Second cast I see a chub turn and make after the breadflake as it drifts slowly on the surface before beginning to sink as it absorbs water. The fish heads straight at it then veers away, disappearing from view. The bait sails on a yard or two, floating gently along six inches under the surface. Suddenly three dark shapes appear from nowhere in the blink of an eye, surrounding the bait like the still blades of a propeller. I hope that big one goes for it...... A smaller one gets there first, the line twitches then slowly tightens and a sharp strike results in a hooked fish that heads off on a surging run upstream. With more playing space in this swim I'm able to stop it before it gets me into trouble with reeds but this swim has more weed growth as it's not in the shade of the trees to the same extent as upstream. Chub number two tries to use this to its advantage but it's too shallow for it to work up a head of steam. Tries something else, belting downstream towards the rushes but the rod arches over, comfortably absorbing the frenzied lunges and the fish quickly brought to the net before it can try and play any more tricks.
A bit bigger this one at 3lb 6oz, setting me thinking how big the bigger one was, well over four I reckon.....
Thursday 9th September 2010
Promptly returning the next day eager to get amongst those chub once more I found things very different to before. Some of the colour had dropped out of the water leaving just a tinge, and the flow had slackened to the point of near non-existence. The odd chub was spotted cruising along but displayed none of their previous "sharking." Free offerings were largely ignored with just occasional fish nosing the bait before rejecting it to continue upstream, propelled by lazy, infrequent tail beats.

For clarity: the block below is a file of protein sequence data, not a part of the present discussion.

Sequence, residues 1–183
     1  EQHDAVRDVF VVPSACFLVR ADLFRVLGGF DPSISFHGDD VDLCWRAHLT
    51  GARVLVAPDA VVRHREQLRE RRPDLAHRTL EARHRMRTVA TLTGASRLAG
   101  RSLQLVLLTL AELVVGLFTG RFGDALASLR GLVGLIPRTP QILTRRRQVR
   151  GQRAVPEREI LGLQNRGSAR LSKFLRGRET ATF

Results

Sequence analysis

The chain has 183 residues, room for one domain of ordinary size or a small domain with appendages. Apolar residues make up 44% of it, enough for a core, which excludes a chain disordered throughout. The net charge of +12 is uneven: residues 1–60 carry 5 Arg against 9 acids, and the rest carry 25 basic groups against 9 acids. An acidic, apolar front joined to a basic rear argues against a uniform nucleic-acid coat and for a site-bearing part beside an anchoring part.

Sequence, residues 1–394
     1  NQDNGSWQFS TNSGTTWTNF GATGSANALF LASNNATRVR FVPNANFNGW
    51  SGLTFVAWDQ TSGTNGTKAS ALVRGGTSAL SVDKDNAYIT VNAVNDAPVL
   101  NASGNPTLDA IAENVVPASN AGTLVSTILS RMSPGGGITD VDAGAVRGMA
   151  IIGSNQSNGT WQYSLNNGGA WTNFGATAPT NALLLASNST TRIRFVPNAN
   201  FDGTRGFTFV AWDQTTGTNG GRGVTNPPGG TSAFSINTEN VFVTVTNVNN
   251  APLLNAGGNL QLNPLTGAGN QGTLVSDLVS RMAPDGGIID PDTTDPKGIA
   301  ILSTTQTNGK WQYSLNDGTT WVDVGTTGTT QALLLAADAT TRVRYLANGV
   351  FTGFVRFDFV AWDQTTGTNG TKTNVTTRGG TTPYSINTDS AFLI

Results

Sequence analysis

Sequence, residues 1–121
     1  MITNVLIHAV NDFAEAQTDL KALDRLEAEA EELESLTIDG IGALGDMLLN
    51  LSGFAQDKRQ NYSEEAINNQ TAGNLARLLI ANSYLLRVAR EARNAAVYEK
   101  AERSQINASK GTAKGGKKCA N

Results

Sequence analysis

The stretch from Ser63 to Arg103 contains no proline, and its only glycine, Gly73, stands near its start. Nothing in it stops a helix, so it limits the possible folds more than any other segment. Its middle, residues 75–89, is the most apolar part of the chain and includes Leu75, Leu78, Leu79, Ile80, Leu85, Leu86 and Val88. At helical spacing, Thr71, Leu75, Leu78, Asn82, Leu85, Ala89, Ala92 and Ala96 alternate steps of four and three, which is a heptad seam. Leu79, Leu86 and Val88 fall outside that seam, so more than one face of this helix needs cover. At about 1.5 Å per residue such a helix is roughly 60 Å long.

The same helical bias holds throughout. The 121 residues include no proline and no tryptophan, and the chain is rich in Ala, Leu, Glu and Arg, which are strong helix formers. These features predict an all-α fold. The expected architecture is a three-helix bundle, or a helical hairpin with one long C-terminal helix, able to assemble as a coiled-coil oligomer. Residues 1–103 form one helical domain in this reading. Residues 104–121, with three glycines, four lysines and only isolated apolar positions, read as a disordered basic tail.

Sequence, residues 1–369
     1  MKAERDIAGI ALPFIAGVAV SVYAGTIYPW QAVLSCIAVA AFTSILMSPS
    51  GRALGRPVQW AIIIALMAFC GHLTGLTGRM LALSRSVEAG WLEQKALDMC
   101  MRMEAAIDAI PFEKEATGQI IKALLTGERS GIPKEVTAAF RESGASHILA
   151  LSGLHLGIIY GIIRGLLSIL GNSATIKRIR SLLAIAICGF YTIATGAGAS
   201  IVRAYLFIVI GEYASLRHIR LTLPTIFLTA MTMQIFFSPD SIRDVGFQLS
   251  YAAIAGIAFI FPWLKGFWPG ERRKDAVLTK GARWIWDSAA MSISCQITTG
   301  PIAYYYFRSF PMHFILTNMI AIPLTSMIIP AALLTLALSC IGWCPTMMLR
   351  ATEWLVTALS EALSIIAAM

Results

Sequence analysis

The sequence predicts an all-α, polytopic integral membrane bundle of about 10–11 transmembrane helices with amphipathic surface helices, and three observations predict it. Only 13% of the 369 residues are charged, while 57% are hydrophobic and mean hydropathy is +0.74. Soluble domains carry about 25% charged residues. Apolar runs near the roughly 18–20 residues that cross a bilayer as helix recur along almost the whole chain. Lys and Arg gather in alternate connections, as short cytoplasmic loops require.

Changing tactics I screwed in the lightest quivertip I had with me (1.5oz) and carefully pinched on a couple of swan shot six inches below the hook adding a small cube of crust before casting the bait tight to nearside cover a few rod-lengths downstream, tightening up gently. Plenty of roach were about along with their small perch escort and fast taps and rattles on the tip forged the impression that the tiddlers were knocking the popped-up bait about a bit. I persevered but apart from missing one good rap no "proper" bites were forthcoming. After trying severel swims on my way through the woods without success (bypassing entirely one in which I heard a goat or possibly the farmer falling in with an almighty splash shortly before) I decided to take a look at the weedy open section downstream. No sooner had I left the trees I saw a small shoal of five chub heading downstream between a gap where rushes on both sides narrowed the river. Caught by surprise on the high bank I was clearly skylined and the chub responded by turning tail and heading under the mat of rushes. Every one of them looked over four pounds and the biggest over five so I sat down quietly and after a few minutes flicked in a few small bits of bread to see if I could encourage them out.
I snapped to attention on hearing a sudden commotion downstream, several roach taking to the air to avoid the toothy maw of an attacking pike. I couldn't coax the chub out - indeed they may have just carried on upstream - so I decided to try and get into a position above the gap in the rushes. A natural bottleneck, I felt it an ideal spot to intercept a patrolling fish. Very overgrown but thankfully short of brambles I managed to make a new swim as quietly as I could. Casting crust as tight to the raft as I dared I settled in ever hopeful. Every so often a few nice chub sailed by while lots of small roach and perch darted amongst the weed in the shallow water. No bites materialized despite the occasional movement back and forth by various small groups of chub and as it was starting to get late I upped sticks and headed home.
At least the day was not wasted, I'll not cause nearly as much disturbance getting into the new swims next time, and a few more swims carefully created and spotting plenty of good chub in residence along the short stretch of tiny river made it worthwhile on a day when the fish appeared to be just not up for it. It was interesting to see the complete contrast in behaviour compared to the previous day, maybe the rain of the last few days will help switch them back on again soon.......